Today I’m proud to introduce a friend of mine, Ira Wagler. When I moved home to Lancaster, PA, almost two years ago, I started bumping into various writers in the community – Ira was one of them. Let me tell you: Ira is an enigma. A respectful maverick. A jolly philosopher. An Anabaptist Libertarian (okay, that’s not entirely true, at least not the Anabaptist part). I have enjoyed our lunches at the DutchWay Value Mart immensely.
Please consider ordering Ira’s beautifully written new book, Growing Up Amish (link provided at the bottom of the page). You won’t regret it.
When did you start blogging? Tell us about the moment Chip MacGregor contacted you and expressed his interest in having you write a book.
I posted my first blog in April, 2007. I wasn’t sure of how it would develop, but Friday evening turned out to be my time to post a new blog. For about 2-1/2 years, I kept that schedule every week, come whatever. I’m not posting every week anymore, but any new posts always appear on a Friday evening.
The blog attracted a fairly large, very devoted following. And during the third year, a reader with connections started the chain of events that led my agent, Chip MacGregor, to contact me. Which is pretty wild, let me tell you. To be contacted by an agent interested in your work. I was in Kentucky, at a family reunion. I saw Chip’s email on my iPhone, emailed back, and the next day he called while I was in a WalMart parking lot. We chatted for 20 minutes or so. And by the time I returned home, his contract was waiting in my email inbox.
He did his job. Got me through the door. Without him, I would not have a book being published by Tyndale. Period.
What was the process like, turning blog posts into sections of a book? Did you notice a change in your narrative voice? What was the most difficult aspect?
It was a little rough. I wrote some new stuff, to fill in the blank spots. Then tied it together. A few of the blog stories are present mostly in the first half of the book. The last half is almost entirely new writing. I kept my voice throughout. But my Tyndale editors did a tremendous job, weaving the threads together. I dumped a huge mass of words on them and they cut it, then fused the remaining parts into what the book is today. I can’t be grateful enough, that I was teamed up with such outstanding professionals.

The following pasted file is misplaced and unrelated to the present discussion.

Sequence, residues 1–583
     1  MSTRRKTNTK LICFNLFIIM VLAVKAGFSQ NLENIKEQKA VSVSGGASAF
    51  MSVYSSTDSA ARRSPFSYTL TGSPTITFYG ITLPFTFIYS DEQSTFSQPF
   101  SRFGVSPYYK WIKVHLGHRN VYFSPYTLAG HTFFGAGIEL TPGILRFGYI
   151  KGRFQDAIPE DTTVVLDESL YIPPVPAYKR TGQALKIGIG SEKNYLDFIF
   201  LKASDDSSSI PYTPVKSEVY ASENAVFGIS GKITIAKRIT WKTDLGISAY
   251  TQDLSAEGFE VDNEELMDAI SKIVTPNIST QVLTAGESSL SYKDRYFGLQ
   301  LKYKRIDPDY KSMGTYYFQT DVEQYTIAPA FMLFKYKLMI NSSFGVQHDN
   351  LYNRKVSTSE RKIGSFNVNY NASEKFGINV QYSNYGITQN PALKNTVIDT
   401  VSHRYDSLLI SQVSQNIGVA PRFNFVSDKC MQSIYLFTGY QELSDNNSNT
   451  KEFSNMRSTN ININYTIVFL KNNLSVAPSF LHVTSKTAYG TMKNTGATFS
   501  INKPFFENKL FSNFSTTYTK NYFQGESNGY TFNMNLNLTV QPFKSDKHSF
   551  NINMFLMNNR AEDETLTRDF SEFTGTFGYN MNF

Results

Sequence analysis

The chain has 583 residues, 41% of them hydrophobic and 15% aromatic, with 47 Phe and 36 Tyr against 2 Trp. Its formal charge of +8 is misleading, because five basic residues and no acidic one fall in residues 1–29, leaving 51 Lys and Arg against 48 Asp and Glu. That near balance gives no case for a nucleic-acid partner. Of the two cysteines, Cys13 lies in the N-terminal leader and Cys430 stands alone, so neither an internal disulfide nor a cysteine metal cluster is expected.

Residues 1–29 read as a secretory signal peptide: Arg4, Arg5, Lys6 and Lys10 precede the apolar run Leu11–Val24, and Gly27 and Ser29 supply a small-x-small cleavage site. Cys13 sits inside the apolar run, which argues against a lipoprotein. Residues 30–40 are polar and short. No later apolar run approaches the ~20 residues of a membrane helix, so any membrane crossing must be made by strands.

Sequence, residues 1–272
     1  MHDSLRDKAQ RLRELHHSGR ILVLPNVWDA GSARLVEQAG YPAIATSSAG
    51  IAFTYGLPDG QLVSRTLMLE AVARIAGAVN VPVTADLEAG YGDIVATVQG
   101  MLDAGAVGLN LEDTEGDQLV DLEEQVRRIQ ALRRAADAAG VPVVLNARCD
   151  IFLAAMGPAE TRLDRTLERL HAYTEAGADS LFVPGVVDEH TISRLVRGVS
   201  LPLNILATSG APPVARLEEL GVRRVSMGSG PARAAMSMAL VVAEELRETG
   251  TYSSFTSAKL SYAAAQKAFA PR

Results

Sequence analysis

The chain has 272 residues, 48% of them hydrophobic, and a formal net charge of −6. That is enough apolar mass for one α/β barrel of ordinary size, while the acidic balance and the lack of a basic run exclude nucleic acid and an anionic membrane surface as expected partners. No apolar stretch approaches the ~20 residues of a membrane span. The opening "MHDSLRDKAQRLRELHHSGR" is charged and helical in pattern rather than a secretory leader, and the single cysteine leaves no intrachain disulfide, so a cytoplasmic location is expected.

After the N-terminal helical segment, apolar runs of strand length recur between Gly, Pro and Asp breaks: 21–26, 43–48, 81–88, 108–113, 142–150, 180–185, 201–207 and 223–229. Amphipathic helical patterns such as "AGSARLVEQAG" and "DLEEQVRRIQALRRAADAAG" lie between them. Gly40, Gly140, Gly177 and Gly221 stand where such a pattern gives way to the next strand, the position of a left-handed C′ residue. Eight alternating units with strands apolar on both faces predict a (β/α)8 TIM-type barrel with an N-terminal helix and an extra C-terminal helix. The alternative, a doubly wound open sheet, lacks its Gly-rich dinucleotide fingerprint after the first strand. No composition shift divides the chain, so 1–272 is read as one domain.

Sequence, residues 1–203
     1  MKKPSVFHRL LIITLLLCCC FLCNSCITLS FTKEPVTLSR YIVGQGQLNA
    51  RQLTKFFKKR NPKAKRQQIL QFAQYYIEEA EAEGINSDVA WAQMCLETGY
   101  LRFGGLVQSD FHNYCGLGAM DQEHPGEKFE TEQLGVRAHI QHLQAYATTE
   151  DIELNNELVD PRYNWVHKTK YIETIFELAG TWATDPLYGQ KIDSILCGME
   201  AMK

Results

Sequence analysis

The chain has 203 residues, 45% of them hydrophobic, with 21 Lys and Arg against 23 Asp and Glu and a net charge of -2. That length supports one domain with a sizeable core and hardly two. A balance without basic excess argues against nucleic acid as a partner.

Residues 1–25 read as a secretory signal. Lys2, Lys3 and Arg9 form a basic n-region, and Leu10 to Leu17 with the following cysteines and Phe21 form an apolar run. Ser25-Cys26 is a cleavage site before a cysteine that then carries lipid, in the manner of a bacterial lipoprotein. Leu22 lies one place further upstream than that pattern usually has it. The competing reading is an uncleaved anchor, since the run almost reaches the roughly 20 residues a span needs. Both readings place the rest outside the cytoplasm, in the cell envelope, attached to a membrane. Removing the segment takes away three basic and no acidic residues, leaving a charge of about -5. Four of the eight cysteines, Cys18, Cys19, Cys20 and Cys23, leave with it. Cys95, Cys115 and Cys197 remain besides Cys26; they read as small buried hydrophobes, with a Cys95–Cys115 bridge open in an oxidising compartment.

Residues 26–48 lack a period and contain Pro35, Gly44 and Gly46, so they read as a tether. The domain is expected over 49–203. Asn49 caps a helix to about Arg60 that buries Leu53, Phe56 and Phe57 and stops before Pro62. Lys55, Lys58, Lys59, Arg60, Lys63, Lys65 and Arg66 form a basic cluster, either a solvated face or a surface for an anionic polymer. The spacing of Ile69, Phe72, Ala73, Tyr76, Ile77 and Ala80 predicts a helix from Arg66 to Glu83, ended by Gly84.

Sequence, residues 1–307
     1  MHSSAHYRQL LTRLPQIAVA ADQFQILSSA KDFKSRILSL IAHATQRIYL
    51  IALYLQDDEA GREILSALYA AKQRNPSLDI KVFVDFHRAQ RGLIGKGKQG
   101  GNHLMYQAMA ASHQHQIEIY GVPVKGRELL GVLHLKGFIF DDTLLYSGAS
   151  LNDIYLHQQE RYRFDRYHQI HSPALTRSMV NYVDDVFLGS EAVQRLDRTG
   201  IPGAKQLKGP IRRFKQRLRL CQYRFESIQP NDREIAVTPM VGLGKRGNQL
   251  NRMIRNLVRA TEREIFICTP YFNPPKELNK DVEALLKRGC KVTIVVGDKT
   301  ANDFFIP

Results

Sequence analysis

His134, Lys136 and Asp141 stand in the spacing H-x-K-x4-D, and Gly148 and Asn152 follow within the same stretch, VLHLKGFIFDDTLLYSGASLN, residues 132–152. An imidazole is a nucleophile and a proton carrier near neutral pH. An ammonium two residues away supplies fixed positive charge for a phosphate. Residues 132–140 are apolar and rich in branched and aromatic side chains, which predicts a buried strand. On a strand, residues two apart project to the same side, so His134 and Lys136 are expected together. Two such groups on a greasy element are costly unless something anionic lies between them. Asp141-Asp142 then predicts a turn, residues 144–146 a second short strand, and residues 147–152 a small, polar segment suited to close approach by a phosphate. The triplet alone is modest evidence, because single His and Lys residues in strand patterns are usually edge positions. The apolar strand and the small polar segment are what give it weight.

All of our stories intersect with other people’s stories, which can make memoirs difficult to write. How has the response been from the main characters in your book? Have you heard from any of them and, if so, how do they feel about the story?
Funny thing was, I never planned to write a memoir. My agent pitched a collection of sketches on the blog. But Carol Traver, senior nonfiction acquisition editor at Tyndale, insisted that the book would have to run in a continuous narrative. In other words, a memoir. I was absolutely terrified, but, being in a very weak bargaining position, I smiled and promised to produce whatever she wanted. And she was so right. The book as written is vastly more powerful than it ever could have been as a collection of loosely connected sketches.
I’ve heard from some of the characters, mostly my siblings. I’m amazed at how supportive they are. There is a bit of friction from one or two sources, and there may be more as the book gets read out there.
I have to ask you about Sarah. Her part in your story was heart-breaking and difficult to read about – was it hard for you to revisit that time in your life? How is Sarah doing today?
Parts of the book were absolutely brutal to relive and write, and hers was one such. I simply “went under” and traveled back in my mind to those days and those events. Sarah is one of very few characters whose name has been changed, along with her entire identity. For her privacy and protection. Even so, in a way, it’s not fair for me to write that story of innocence lost and possibly evoke in her much of the emotional trauma that she may have laid to rest long ago. She will read the book. But it’s my story too, and the book would have been incomplete without that part.
She is married today to an Amish preacher, and the mother of eight children.
Any thoughts to a sequel or ideas for another book?
I hope to write more and be published again, of course. Whatever happens, I will always write on my blog at www.irawagler.com.
But right now, my first book, Growing Up Amish, has just been released. When and if I write another book will depend on the sales of the first, I suppose. I haven’t made any noises to anyone, including my agent, about another book. What will come will come, all in its time.
A huge thanks to Ira for doing this Q&A and also for writing. You can check out his book HERE. You can also follow him over at his blog HERE.
One Reply to “An Interview With Ira Wagler, Author of “Growing Up Amish””
Sounds fascinating! I’m going to have to check out Ira’s blog and book.
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